Is your speed enhanced or inhibited by your posture?
Postural controls are largely based on a proper flexor and extensor balance. Animals that walk on four legs don’t have to worry about this. Being upright means we need correct postural muscle tone to do the job. In other words, we need to be able to reduce our flexors and increase our extensors in order to stand upright. This is not only true of our postural (trunk) muscles but of all the muscles of the arms and legs as well.
As a practicing chiropractor, the most common postural problem I see is a condition called “Forward Head Syndrome/Posture.” We have all seen forward head posture. The head is forward, shoulders are rounded, elbows slightly flexed, maybe bent forward (or really tight) at the waist due to hip flexor tightness, and tight hamstrings and calves. It looks slumped, old, and lethargic.
But worse than the appearance it gives is the underlying problems created in our nervous system. There are a few things that happen and I will list them but the focus of this paper is really on only one. When a person has forward head posture we often see: • Impaired gut function (ties directly to reflux, food sensitivities, and auto-immune disorders). • Loss of proper curves of the neck and low back causing stress to our gravity receptor system. • Loss of natural pain killer production in the upper neck as it no longer moves normally. • And this is a big one: the loss of our ability to properly balance flexor to extensor muscle tone.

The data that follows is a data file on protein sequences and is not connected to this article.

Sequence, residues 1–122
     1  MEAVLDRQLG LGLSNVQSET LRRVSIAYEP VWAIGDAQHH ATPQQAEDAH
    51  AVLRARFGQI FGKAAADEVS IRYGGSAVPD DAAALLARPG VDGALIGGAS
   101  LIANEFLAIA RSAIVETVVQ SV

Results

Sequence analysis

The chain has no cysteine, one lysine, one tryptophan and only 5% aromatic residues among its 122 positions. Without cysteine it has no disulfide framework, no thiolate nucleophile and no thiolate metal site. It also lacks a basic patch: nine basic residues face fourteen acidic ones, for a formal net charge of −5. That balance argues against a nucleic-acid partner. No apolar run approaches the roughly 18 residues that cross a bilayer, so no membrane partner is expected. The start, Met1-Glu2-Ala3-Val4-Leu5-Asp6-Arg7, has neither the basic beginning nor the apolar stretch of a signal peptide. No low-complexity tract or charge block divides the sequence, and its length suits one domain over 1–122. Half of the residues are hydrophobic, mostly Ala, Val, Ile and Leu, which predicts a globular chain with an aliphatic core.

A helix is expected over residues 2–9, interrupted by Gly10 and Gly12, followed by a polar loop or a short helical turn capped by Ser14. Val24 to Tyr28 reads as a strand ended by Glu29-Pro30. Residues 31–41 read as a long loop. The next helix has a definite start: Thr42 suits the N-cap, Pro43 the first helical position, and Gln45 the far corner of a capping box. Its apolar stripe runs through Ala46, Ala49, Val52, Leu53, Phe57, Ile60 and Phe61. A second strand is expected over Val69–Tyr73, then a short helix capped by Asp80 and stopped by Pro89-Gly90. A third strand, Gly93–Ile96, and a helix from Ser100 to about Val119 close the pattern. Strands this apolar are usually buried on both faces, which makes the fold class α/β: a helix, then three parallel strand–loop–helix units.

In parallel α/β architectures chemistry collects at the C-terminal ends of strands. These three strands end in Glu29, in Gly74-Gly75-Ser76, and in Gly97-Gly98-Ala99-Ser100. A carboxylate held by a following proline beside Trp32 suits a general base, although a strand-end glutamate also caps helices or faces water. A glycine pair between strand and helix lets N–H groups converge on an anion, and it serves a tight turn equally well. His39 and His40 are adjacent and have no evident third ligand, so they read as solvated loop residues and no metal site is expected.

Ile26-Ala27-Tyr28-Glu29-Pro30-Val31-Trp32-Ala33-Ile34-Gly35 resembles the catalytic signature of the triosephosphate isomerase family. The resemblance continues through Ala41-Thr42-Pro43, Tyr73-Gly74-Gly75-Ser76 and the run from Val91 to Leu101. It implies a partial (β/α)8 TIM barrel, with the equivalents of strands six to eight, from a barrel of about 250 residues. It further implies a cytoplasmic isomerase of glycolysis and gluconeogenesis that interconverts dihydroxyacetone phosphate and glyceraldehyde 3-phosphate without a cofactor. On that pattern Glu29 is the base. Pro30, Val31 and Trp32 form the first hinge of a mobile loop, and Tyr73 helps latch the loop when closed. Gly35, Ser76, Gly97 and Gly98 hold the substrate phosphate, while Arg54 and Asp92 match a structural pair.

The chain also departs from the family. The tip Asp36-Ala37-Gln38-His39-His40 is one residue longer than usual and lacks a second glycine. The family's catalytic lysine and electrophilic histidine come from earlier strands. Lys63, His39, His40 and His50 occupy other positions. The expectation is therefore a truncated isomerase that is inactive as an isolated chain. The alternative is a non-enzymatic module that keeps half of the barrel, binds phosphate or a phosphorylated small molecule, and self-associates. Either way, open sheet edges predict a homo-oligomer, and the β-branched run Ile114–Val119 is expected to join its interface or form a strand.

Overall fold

When we are in a forward head posture our flexors become dominant. This is important. When the tone of the flexors is increased, the extensors are decreased.
Think about a straight punch. We have to reduce flexor activity (biceps) and increase extensor activity (triceps) to throw that punch. If the flexors are already ‘turned up’ and the extensors are ‘inhibited’ (think dimmer switch on the lights turned down) then it takes longer to inhibit the flexors and increase extensors to full speed. Now, the reality is that we are not talking minutes or even seconds but fractions of seconds. But then, isn’t the difference between a gold and silver medal fractions (sometimes only thousandths) of a second? Isn’t life or death determined in fractions of a second?
While each person must be evaluated for specific injuries, there are some things you can do at home right away to improve postural muscle tone. The easiest (and most cost effective) is to do a 2-phase exercise we call “Spinal Molding.” Begin by sitting on the end of the bed and alternate the entire spine including the neck between fully flexed and fully extended positions. Start slow and increase speed as you can until 25 reps are done.
Then sitting up tall, bend from side to side, again including the neck, until 25 reps are done. This is the warm up phase. The 2nd phase requires a couple bath towels rolled up for the neck and back. Once you have warmed up, lay on the bed with the towels under the neck and back and your knees bent (up). Stay here for 20 minutes.
Phase 2 is the cool down where your spinal shape is molded towards normal. Doing this each night before bed will do wonders for your spine, posture, and sleep. It can also be done after a workout when your system is nice and warm. As you change your spine, the postural tone improves and your speed and ease of movement will increase. You will notice less training injuries and sore muscles. You will quickly become stronger and faster.
In health, Doc Cohen